BlueLight.com’s outsource fulfillment company integrated the warehouse management system with BlueLight’s order management system. “They are the masters of our inventory,” says Alex McNealey, BlueLight’s director of operations. “They replicate the warehouse management in our order management so that there is real-time inventory knowledge displayed at the storefront.” At BlueLight, the online arm of Kmart Corp., orders move directly from the order page to the fulfillment house.
Even with an outsourced fulfillment system, the retailer should never have to intervene in a transaction, says Michael Small, vice president of sales with Skokie, Ill.-based 3PF. Systems must be integrated so the shopping cart ties to the inventory. It is critical that both the front and backend are adjusted for returns and new stock, Small says. And with technology what it is, there is no reason e-retailers with outsourced fulfillment should re-key any of the order information-the customer should do all the work online. “The beauty of the Internet is that the retailer should not be touching the order,” Small says.
Last mile outsourcing
The question of outsourcing fulfillment or keeping it in-house does have a middle ground answer. One company, Atlanta-based SmartMail, offers what it calls last-mile fulfillment. In other words, the retailer picks and packs and SmartMail ships. And about half its business comes from e-commerce clients.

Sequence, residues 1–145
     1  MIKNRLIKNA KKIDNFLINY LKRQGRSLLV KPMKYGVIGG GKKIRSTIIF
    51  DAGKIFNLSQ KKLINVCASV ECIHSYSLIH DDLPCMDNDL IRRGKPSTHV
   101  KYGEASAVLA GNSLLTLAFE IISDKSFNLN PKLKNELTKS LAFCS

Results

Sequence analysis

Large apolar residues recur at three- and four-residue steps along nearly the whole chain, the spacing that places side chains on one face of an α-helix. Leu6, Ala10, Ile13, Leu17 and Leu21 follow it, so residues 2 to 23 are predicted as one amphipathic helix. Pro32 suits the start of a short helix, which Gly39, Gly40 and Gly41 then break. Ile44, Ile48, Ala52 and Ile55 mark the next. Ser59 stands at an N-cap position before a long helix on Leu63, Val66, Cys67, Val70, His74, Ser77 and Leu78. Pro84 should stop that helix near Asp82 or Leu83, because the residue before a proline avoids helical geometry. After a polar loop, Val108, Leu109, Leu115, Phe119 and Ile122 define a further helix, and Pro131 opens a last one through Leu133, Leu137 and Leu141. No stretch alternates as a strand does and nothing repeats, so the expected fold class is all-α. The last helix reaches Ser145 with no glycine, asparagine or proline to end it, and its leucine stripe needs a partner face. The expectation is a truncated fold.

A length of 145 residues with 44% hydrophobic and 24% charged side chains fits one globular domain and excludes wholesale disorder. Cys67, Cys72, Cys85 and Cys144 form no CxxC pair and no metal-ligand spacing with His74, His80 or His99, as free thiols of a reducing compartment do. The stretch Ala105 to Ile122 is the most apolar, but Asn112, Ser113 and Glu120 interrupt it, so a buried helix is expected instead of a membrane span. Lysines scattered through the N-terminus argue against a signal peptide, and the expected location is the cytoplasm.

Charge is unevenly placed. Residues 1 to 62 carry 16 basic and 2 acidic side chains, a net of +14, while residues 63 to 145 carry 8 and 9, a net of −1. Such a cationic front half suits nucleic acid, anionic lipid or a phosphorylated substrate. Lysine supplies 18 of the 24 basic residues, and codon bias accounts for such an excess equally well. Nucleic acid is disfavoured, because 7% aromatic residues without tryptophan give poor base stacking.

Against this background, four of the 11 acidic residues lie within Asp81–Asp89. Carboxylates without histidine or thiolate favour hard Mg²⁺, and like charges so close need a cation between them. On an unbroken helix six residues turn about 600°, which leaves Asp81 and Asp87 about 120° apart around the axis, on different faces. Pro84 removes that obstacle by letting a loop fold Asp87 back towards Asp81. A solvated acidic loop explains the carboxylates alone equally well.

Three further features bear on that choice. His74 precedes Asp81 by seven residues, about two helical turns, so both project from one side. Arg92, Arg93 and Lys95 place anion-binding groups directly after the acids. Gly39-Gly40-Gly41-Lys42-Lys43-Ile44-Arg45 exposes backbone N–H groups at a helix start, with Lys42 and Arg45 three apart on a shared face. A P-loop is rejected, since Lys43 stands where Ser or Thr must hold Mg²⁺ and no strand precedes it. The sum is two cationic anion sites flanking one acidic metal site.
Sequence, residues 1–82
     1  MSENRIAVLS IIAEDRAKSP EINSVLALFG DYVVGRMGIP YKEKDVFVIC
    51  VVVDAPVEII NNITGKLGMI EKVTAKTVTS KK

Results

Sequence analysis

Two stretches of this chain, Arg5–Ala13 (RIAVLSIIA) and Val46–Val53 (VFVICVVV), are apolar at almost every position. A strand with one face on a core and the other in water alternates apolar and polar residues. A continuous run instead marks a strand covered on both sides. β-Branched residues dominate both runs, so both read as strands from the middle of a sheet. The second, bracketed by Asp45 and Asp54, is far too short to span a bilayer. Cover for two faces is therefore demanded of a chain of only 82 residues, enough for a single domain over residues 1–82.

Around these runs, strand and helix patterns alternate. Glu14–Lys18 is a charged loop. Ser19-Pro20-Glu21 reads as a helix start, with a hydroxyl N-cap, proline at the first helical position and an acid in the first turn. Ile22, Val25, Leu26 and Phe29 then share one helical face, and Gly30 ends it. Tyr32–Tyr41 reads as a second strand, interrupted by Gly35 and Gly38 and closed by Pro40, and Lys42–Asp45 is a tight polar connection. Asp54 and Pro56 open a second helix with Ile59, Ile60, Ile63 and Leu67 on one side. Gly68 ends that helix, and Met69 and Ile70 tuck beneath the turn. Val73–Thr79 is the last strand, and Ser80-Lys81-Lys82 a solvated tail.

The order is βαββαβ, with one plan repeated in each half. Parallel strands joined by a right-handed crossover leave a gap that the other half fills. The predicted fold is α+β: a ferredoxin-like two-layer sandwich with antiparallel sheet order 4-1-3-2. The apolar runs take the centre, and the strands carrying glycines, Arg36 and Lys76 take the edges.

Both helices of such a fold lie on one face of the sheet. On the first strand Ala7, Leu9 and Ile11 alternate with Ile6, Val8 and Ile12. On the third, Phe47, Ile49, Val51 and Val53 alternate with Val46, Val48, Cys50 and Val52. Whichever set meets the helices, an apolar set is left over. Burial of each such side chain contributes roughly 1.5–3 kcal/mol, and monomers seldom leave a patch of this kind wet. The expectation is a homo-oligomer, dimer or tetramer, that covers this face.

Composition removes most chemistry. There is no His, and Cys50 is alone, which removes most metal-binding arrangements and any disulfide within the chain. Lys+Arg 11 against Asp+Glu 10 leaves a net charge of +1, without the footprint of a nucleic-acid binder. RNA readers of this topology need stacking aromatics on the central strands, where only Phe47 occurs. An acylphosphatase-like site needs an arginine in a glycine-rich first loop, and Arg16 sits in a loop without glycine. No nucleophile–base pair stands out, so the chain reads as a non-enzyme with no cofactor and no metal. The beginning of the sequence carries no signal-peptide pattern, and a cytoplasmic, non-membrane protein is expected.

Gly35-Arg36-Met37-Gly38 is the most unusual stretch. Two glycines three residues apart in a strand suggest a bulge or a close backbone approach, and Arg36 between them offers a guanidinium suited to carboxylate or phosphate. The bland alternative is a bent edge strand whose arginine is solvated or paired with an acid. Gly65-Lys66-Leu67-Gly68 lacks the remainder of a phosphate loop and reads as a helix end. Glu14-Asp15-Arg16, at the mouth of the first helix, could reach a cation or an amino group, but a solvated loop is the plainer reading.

The 4-year-old SmartMail has 12 Smart Centers in major metropolitan areas such as New York, Chicago, Los Angeles and San Francisco. The company will pick up packaged and addressed items from clients’ warehouses, verify each item’s address, add a tracking code and ship the items through the U.S. Postal Service. SmartMail President and CEO Jim Martell says the company doesn’t pick-and-pack items. “We take it from that point on; we are an alternative to any other shipping means,” he says. This service will save retailers about 15% on shipping costs compared with first-class postage, Martell says. The savings come from standard USPS discounts for volume shipping. Martell says his clients also save on internal costs from not dedicating staff to verify addresses and entering tracking information.
“Our customers say they save 5 cents to 10 cents per piece shipped after we take over,” he says. And because the company matches USPS’s service, SmartMail does not add to the delivery time.
David Schatsky, research director for Jupiter Media Metrix, says managing costs is a major headache for fulfillment. Shipping cost was the No. 2 concern among online retailers, according to a Jupiter study. “In many cases they are losing money because they are not managing their costs effectively,” he says. “As we see more retailers looking for ways to cut costs, a company like this may have an answer for some of them.”
But this service works better for some than it would for others. It makes most sense for customers shipping high-volume, lower-value, more durable items, Martell says. And although SmartMail will not turn a customer away, those who will realize the most savings are ones with items lighter than 5 pounds, with several hundred items per day and within 75 miles of a Smart Center. The company offers free daily pick-up for customers within 75 miles that meet minimum order size; others can drop off items.